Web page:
A 1998 interview with Carlos Fuentes
DC: That's also interesting in terms of the kind of vexed relationship that you've spoken about in your own life--and also historically--between the United States and Mexico, where American tastes have had such a profound effect while at the same time culturally there is a very strong antipathy. In what way is the United States a countersite for you?
CF: Very much so. That again is a biographical thing because I grew up in this country, because I'm bilingual, because I know the United States well and admire its culture and its institutions, and I'm appalled by its policies towards Latin America, and in general by its incapacity to understand the world or to accept a diminished place in the world, and since, whatever else we might think, we're going to live together for as far as we can forecast. Or as la Cuarraca, Damiana Cisneros, says to Juan Preciado in Pedro Paramo [the novel by Juan Rulfo] "Be quiet because we're going to be here buried in this tomb for a long, long time together, so hug me." The same is true between Mexico and the United States: we're going to be neighbors. Probably many Mexicans would like to sort of drift away to Polynesia, far from the United States, even if that means being further from God, but also maybe the United States would like to see Mexico go away. No, we're not going away. We're going to share problems, we're going to share labor, we're going to share diplomacy, we're going to be at odds. We don't have the same culture, we don't have the same conception of things, we don't pray to the same people, but we will have to live together. For me this is a paramount fact of our life, of our existence. It is an important sounding board also in the sense that I think it should make Mexico understand that we gain nothing by living culturally and politically and economically in isolation vis-a-vis the United States. We have to find many sources of support and identification in the world, notably in Europe and the Pacific Basin. Our work is cut out for us, but in the great measure it is determined by our vicinity to the most powerful nation in the world. It's the only case in the world where you have a highly developed military and industrial power living next to a developing country.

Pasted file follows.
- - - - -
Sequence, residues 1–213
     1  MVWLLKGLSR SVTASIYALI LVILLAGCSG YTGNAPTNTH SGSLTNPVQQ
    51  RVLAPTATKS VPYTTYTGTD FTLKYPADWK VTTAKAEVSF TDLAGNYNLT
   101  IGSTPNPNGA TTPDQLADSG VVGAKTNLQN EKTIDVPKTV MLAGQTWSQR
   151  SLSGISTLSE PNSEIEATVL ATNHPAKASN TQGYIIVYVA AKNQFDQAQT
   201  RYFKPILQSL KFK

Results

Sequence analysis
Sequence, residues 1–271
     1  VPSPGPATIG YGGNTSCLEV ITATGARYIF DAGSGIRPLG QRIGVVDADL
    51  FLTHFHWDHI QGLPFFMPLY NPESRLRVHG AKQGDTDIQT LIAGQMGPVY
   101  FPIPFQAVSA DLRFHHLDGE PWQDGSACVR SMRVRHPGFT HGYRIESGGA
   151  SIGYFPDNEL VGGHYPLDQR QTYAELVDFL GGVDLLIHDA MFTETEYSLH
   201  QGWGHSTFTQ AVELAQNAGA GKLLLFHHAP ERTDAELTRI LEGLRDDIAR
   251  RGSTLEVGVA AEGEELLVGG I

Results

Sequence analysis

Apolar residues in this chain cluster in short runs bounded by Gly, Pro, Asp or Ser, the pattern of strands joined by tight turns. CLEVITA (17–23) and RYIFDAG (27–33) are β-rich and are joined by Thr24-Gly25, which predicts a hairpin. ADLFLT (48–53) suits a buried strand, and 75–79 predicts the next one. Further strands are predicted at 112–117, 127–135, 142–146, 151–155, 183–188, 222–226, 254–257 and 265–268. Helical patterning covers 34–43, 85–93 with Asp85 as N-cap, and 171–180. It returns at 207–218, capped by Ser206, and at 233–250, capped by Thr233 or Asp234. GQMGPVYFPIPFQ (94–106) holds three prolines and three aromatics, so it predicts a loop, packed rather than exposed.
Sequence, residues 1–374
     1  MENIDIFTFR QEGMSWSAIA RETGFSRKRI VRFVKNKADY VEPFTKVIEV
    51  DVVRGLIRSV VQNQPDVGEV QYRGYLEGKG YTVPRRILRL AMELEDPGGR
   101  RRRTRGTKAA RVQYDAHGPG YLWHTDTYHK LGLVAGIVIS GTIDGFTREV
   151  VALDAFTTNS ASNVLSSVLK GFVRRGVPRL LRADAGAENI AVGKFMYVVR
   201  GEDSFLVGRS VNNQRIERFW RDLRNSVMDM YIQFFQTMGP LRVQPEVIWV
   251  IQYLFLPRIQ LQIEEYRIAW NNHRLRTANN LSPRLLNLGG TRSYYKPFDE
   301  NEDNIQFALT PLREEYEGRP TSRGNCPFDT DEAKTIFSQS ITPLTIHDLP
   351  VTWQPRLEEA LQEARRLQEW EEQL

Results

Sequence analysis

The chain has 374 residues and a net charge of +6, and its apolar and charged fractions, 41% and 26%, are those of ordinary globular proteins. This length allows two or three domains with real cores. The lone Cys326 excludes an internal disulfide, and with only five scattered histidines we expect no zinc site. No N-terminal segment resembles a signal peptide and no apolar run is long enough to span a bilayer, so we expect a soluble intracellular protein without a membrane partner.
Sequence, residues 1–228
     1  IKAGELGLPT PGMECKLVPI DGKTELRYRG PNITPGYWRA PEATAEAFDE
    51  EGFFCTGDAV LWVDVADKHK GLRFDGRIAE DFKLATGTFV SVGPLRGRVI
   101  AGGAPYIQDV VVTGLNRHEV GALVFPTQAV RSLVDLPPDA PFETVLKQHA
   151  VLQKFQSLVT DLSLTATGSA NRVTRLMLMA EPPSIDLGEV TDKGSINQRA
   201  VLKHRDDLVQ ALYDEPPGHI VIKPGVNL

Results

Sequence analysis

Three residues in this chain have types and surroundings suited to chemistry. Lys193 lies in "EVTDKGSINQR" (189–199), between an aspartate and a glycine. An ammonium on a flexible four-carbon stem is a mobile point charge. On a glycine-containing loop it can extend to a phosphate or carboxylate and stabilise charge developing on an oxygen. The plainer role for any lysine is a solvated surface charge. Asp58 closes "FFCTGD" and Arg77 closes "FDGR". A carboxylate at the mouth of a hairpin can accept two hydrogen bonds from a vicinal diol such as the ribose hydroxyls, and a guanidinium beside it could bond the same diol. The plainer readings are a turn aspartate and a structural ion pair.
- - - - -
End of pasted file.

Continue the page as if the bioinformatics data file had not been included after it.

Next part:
DC: I would like to ask you about another countersite. Gombrowicz remarked in an essay that "any artist who respects himself ought to be, and in every sense of the term, an emigre." How would you compare your sense of exile with Gombrowicz's?
CF: Listen, I've been traveling all my life because my father was a diplomat, so I've always had a sense of displacement. I think I can top Gombrowicz, who lived a long time in exile in Argentina and France and knew what he was talking about certainly. I think I have something to top that, and it's the quotation from the medieval academic transmigrant monk Hugo de San Victor, who is quoted by Edward Said in his reflections on exile. What San Victor says is that an individual who feels he is best, most comfortable, in his own homeland is a tender beginner. An individual who feels at home everywhere is a bit more interesting and complex, but only the individual who feels that he is an exile everywhere, including his own home, can call himself the perfect man. Right now I'm in stage two. I have not attained a state of perfection. I feel at home in many places. I feel at home in the United States, I feel at home in Brazil, in Argentina, Venezuela, France, England, Spain. I feel less at home in my home because I'm more in tension there. I feel more of an exile in Mexico. It's probably where I'm most perfect, then. I'm basically in stage two; I'm a man who is at ease in many places: imperfect, imperfect.
You can find the full interview here
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